Five Health IT Trends for 2023

As healthcare continues to evolve in 2023, we can all look forward to seeing what exciting new developments emerge in the healthcare technology space.

Medicine doctor

Health IT has undergone a remarkable and rapid transformation in the years following the COVID-19 pandemic. Fueled by the sudden demand for virtual care, healthcare technology has continued to advance and adapt to the evolving needs of consumers, which puts the burden on healthcare executives to keep up. Here are five IT developments you'll want to keep an eye on in 2023.

Trend 1: Cybersecurity

Forty-three percent of health industry executives cite cyberattacks as one of their top concerns, according to the results of a 2022 PwC survey. The volume of confidential patient data and the increase in "smart" (internet-connected) medical devices and wearables make this industry an attractive target for cybercriminals, who prioritize threat identification and neutralization. (One of the more famous examples of cyber theft in healthcare occurred in 2016, when Hollywood Presbyterian Hospital paid a $17,000 ransom in bitcoin after a hacker seized control of its computer systems.) Interestingly, healthcare executives are increasingly using artificial intelligence to identify and respond to these threats.

Trend 2: Care Outside the Doctor's Office

The past few years have seen a complete reimagination of the traditional doctor-patient relationship. Patients are increasingly taking advantage of telehealth options, from telephone triage nurses to videoconferences with physicians for less urgent health conditions. The pandemic also increased the visibility of pharmacies as frontline providers of services such as vaccines and specimen collection. Patients' increased agency in their own healthcare journey makes technological capabilities like cybersecurity, communication, and digital tech like wearables and apps a top IT priority.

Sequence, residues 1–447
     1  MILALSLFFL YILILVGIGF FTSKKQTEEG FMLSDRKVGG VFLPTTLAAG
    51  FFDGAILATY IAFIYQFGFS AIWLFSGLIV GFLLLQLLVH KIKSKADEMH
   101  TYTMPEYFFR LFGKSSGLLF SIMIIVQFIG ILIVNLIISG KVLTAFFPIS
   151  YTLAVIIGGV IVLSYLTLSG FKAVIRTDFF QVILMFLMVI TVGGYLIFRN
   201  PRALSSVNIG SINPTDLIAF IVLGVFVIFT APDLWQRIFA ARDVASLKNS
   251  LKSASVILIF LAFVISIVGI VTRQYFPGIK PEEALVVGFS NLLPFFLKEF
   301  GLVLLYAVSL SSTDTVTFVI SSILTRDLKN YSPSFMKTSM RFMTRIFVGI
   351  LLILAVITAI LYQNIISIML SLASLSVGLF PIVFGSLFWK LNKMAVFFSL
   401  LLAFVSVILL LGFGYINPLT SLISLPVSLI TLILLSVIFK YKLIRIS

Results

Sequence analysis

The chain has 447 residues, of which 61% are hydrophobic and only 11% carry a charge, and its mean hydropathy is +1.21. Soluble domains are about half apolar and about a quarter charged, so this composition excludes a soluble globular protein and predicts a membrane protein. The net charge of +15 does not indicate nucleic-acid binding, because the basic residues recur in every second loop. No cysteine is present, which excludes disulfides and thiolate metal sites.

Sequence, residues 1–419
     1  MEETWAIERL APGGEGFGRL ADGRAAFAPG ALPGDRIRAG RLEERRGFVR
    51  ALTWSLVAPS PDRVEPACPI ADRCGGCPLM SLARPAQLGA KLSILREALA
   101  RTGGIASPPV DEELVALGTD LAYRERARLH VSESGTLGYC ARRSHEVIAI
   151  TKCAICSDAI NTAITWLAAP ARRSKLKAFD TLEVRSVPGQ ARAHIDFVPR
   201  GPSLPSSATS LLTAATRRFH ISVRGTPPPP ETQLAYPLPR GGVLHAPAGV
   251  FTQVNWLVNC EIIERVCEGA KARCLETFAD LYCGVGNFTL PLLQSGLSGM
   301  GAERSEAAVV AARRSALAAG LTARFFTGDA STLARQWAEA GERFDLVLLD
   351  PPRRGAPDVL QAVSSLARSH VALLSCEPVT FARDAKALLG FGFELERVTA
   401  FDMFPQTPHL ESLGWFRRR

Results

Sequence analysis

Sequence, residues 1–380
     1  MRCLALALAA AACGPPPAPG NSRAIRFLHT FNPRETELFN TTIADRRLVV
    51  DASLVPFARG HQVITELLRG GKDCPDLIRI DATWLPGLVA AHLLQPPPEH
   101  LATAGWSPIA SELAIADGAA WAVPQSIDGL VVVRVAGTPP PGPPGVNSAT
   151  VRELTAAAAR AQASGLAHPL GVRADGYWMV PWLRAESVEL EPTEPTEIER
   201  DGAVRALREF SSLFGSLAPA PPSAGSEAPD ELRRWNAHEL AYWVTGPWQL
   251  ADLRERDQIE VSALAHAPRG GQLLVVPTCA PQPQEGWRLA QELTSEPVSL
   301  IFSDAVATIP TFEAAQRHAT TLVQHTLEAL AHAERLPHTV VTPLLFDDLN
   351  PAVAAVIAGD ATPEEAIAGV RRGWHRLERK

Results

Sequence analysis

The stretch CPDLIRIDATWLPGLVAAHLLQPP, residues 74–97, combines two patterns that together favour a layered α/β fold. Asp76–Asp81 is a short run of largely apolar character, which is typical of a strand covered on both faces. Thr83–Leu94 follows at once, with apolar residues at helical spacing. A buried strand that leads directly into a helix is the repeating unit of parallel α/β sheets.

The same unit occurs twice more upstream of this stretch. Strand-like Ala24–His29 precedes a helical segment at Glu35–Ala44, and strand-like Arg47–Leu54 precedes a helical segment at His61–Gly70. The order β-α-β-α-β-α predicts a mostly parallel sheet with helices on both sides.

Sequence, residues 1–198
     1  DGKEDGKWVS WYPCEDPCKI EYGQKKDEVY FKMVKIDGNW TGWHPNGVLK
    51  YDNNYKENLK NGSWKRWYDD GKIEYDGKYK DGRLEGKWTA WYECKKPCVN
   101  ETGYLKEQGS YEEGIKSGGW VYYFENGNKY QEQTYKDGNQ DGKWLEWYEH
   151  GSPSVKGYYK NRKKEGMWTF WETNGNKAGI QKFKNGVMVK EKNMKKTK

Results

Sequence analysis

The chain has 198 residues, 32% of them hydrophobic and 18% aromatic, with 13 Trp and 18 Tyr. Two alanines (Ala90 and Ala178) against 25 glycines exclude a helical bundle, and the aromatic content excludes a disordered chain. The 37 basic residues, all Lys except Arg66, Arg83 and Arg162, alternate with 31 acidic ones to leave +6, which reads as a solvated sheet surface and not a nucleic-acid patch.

Trend 3: Supply Chain Challenges

PwC analysts also found that, more than those in other industries, executives in healthcare are highly concerned about supply chain challenges. Similarly, three-quarters of respondents of a McKinsey survey of healthcare leaders said they expect to take an increasingly strategic view of the supply chain going forward.

Strategies for creating a more resilient healthcare supply chain include stronger executive engagement and investments in on-the-ground personnel who can build relationships across the network. They also include building digital supply networks in which central business functions such as finance and purchasing can talk to each other on a single, integrated technological platform. The creation of digital supply networks can minimize the delays and expense of a traditional, linear supply chain and replace it with a network that's connected, faster, and more responsive.

Trend 4: Interoperability

Healthcare interoperability refers to the coordinated exchange of information across devices, networks, and information systems that can result in improved patient outcomes.But that information, or data, by itself isn't useful. To actually improve people's health, clinicians have to be able to piece together disparate pieces of information to draw informed conclusions. From an IT standpoint, that starts by organizing and adhering to standards in vocabulary, content, format, privacy and security, and identification, as identified by the Healthcare Information and Management Systems Society. That's why Daniel Brillman, founder and CEO of healthcare technology company Unite Us, called interoperability a "top priority" in 2023.

Trend 5: Staffing

As I've discussed in previous articles, recruiting and retaining personnel in healthcare promises to remain a top priority in 2023, and that priority has significant implications for health IT:

As healthcare continues to evolve in 2023, we can all look forward to seeing what exciting new developments emerge in the healthcare technology space.

The Newsweek Expert Forum is an invitation-only network of influential leaders, experts, executives, and entrepreneurs who share their insights with our audience.
What's this?
Content labeled as the Expert Forum is produced and managed by Newsweek Expert Forum, a fee based, invitation only membership community. The opinions expressed in this content do not necessarily reflect the opinion of Newsweek or the Newsweek Expert Forum.